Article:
Tuesday, March 17, 2009

Gettysburg in My Backyard

To celebrate our 13th wedding anniversary, my husband took the girls and I to the battlefield to locate some of the witness trees I had recently been made aware of. I researched their approximate locations and much to our delight, we actually found eight of them! The United States War Department placed tags on the trees in the early 1900s that they felt were “witness trees” to the Battle of Gettysburg-some of these trees don't display them, but each of the ones we found had the tags! Its hard to describe the feeling of touching something that was actually there in 1863;you can't help but wonder who might have rested in the shade of their leafy branches or leaned wearily against their trunk?

Gettysburg is a place with so many stories to tell; for me these trees have helped me immensely in my personal journey to better understand the scope of what must have happened.

In my many searches to learn more about the witness trees, I discovered a place where you can actually purchase seedlings from living history; propagated offspring of trees connected to famous people, events, and places. (Cut and paste this address to find out more:)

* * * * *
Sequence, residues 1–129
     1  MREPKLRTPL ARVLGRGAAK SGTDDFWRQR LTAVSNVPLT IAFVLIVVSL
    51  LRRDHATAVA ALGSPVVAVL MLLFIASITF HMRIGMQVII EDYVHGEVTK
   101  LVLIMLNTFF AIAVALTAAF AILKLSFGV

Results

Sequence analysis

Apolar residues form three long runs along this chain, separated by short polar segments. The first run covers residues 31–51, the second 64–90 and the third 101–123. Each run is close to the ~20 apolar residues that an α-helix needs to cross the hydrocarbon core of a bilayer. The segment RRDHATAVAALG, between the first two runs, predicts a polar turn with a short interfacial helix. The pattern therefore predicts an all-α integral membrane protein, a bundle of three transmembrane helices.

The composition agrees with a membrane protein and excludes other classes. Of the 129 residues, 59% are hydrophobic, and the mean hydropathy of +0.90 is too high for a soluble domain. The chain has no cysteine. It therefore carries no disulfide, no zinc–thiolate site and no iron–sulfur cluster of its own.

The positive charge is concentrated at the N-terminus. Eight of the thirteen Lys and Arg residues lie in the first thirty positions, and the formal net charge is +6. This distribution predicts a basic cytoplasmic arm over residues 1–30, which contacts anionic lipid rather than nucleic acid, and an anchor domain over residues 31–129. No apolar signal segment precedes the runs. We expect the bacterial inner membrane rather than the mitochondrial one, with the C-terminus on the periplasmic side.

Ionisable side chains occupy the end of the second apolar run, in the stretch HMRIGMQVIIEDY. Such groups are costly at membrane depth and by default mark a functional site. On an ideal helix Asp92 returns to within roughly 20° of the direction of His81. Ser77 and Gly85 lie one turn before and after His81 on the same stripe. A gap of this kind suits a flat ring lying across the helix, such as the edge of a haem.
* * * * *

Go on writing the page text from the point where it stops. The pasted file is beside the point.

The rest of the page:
An excerpt from their site reads:

"American Forests Historic Tree Program is the nation’s only resource for
offspring from famous and historic trees. All of our trees are authentic,
direct descendents of trees that shaded the lives of famous people or events.
You can grow a Redbud from George Washington's River Farm, a honey locust
from Gettysburg, a red maple from Walden Woods, a sweetgum from Graceland.
Check out our extensive collection from historical sites across America."

In honor of our anniversary we are going to purchase a "Gettysburg Address Honey Locust" seedling and plant it in our backyard.

I can't think of a lovelier way to honor and remember the history that surrounds us.

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